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Bus driver's seats unfilled

Pinellas schools may be 100 drivers short. It's a tough sell because of pay and discipline.

By DONNA WINCHESTER, Times Staff Writer
Published July 29, 2007


LARGO - For more than an hour, the former school bus driver shared his experiences with the 12 student drivers gathered in the portable classroom.

He told them about the broken window, the six fights and the stabbing he dealt with in his first six weeks on the road. He instructed them to keep their eyes and ears open at all times. And he warned them never to let the kids get the upper hand.

"You can't be a buddy to them," said George Francey, a safety and training specialist for the Pinellas County School District's transportation department. "If you're buddy-buddy with them, who's in charge of the bus?"

Transportation officials hope all 12 student drivers will come to work for the district when their training class ends in three weeks. But even if they do, there still won't be enough drivers when school opens Aug. 21.

"We really won't have a good total until they come to bid on the routes," said Rick McBride, manager of transportation services. "But we'll probably be 75 to 100 drivers short."

The shortage comes despite an anticipated enrollment drop of 2,000 students for the coming year. And while the district expects as much as a $16-million reduction in transportation costs once a new student assignment plan is implemented in 2008, the need for 800 drivers to transport 46,000 children at a cost of $46-million will continue for the next year, McBride said.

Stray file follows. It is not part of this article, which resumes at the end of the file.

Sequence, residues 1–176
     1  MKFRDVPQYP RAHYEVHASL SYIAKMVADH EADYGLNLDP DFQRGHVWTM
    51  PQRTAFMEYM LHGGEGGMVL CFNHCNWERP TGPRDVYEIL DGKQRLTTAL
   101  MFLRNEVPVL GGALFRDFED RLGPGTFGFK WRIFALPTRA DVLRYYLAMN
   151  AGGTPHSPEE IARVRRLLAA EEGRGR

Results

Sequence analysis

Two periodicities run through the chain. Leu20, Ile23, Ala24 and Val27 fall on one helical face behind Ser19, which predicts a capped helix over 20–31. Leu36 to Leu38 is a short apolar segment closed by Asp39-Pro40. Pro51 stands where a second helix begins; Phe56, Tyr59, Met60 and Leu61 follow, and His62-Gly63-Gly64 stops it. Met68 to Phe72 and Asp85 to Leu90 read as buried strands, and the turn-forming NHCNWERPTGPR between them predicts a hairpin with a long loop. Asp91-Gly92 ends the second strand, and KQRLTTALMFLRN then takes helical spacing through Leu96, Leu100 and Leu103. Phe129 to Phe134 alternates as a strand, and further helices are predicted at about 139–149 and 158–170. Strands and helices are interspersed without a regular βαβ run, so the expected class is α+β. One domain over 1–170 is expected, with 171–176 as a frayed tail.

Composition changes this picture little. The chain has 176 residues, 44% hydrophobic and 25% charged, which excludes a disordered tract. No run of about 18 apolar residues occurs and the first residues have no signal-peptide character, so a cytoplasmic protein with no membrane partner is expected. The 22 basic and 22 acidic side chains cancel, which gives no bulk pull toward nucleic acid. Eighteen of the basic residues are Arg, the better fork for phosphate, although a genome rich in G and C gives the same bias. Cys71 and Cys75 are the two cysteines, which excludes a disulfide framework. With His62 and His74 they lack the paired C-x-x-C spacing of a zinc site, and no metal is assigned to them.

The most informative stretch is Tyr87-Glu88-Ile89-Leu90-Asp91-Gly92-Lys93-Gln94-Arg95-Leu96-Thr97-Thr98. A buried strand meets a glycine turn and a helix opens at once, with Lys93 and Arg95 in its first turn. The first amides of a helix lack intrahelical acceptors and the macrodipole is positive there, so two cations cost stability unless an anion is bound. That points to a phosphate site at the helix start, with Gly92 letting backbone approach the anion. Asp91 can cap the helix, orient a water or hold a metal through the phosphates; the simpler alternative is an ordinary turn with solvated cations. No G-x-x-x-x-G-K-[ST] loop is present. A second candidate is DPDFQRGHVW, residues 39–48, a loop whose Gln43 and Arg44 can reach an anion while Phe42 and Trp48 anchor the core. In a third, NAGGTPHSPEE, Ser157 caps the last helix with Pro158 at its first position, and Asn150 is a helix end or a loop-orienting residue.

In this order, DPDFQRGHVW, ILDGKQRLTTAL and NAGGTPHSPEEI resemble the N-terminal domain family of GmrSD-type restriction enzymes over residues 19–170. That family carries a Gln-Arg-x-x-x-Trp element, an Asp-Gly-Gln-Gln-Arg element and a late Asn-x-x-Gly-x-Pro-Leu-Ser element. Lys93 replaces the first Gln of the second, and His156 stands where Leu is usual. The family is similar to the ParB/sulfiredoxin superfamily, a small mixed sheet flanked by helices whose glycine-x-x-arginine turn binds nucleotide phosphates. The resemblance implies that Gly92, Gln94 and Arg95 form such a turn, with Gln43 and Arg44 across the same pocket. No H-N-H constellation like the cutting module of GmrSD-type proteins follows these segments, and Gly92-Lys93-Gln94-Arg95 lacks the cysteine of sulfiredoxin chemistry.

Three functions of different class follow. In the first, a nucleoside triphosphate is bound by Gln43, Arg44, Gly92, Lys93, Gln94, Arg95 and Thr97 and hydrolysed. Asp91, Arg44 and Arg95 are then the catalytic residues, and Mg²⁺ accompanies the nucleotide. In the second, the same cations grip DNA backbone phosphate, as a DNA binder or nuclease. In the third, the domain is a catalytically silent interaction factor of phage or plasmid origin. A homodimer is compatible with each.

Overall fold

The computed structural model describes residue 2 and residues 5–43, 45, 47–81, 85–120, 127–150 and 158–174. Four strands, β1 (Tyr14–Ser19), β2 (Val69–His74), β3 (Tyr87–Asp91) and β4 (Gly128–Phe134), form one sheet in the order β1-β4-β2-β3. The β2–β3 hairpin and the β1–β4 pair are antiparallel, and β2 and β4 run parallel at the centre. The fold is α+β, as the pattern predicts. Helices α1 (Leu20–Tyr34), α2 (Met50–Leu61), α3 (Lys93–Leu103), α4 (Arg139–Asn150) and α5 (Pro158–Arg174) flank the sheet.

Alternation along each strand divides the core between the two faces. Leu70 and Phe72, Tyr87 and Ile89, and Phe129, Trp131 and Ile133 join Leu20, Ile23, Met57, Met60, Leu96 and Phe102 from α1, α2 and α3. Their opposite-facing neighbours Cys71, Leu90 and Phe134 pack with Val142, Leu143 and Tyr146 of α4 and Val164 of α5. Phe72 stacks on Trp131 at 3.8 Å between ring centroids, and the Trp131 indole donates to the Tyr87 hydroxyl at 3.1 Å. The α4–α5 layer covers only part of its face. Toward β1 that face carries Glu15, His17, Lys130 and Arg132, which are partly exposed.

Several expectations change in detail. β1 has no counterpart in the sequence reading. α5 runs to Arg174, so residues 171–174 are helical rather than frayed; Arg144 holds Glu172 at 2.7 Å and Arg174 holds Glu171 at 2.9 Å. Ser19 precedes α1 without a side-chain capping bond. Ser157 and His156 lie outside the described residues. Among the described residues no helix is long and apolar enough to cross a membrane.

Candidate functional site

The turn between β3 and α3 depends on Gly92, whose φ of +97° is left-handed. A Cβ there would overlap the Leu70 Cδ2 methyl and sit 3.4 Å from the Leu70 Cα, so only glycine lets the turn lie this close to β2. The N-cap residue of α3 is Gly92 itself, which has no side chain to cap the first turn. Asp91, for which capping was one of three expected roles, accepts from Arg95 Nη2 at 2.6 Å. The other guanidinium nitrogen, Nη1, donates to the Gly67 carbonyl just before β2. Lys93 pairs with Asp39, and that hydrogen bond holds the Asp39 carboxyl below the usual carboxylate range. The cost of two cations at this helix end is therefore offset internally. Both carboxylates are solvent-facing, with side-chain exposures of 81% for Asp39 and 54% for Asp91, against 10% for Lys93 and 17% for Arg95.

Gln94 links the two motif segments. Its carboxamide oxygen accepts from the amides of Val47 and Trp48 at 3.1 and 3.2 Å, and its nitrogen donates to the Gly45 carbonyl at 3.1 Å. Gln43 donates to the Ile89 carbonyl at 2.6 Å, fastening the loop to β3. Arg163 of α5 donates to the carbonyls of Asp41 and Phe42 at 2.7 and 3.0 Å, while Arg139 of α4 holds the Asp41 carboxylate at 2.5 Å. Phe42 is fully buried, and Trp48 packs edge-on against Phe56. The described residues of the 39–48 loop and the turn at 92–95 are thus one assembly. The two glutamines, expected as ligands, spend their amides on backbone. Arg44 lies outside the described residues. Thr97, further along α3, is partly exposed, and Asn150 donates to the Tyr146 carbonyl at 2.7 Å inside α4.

If the shortage remains, he said, drivers will have to double up on routes. That means some buses could run as much as half an hour late, both in delivering children to school and bringing them home.

The bus driver shortage in Pinellas is nothing new. In fact, the district normally is understaffed by about 100 drivers, said Bill Angelus, chief steward for the bus drivers union.

Angelus blames the chronic shortage on low pay and the fact that most drivers work only three-quarters of the year.

"We're basically unemployed but we can't collect unemployment," he said. "A young person with children can't live on a 9 1/2- month income."

Beginning drivers in Pinellas make just under $11 an hour. Veteran drivers like Angelus, 65, who has worked for the district for 15 years, can make $13.46 an hour. Drivers work three or four hours in the morning and three or four in the afternoon, with about two hours of unpaid time in between. By contrast, the starting salary for Hillsborough County school bus drivers is $9.85 per hour, according to the district transportation department.

And then there's the issue of student discipline.

"You have to be a certain type of individual to put up with the children," Angelus said. "I know someone who quit on the first day."

Early in their 40 hours of training, potential drivers accompany a driver on an actual route with a busload of children, said T. Mark Hagewood, the district's transportation director.

"It may not be for them," Hagewood said. "It's not for everyone."

Carl Berginc Jr., a former tour bus driver who is in training for a job with the district, said he was surprised at the scope of a school bus driver's responsibilities in caring for children.

"We're like their mother, their father, their nurse and their psychiatrist," said Berginc, 71. "We even have a cleanup kit on board in case they get sick."

Berginc thinks he has what it takes to be a good driver, but acknowledges "there's a question mark over a lot of this."

"If it's as harrowing as they say it is, I don't know if I'll continue with it," he said. "But I'm going to try."

Fast Facts:

Route info coming

On Monday, the Pinellas school district will begin mailing postcards with bus route assignments. Parents may call the district call center, (727) 587-2020, from 7 a.m. to 5:30 p.m. Monday through Friday and ask to speak to a transportation customer service representative.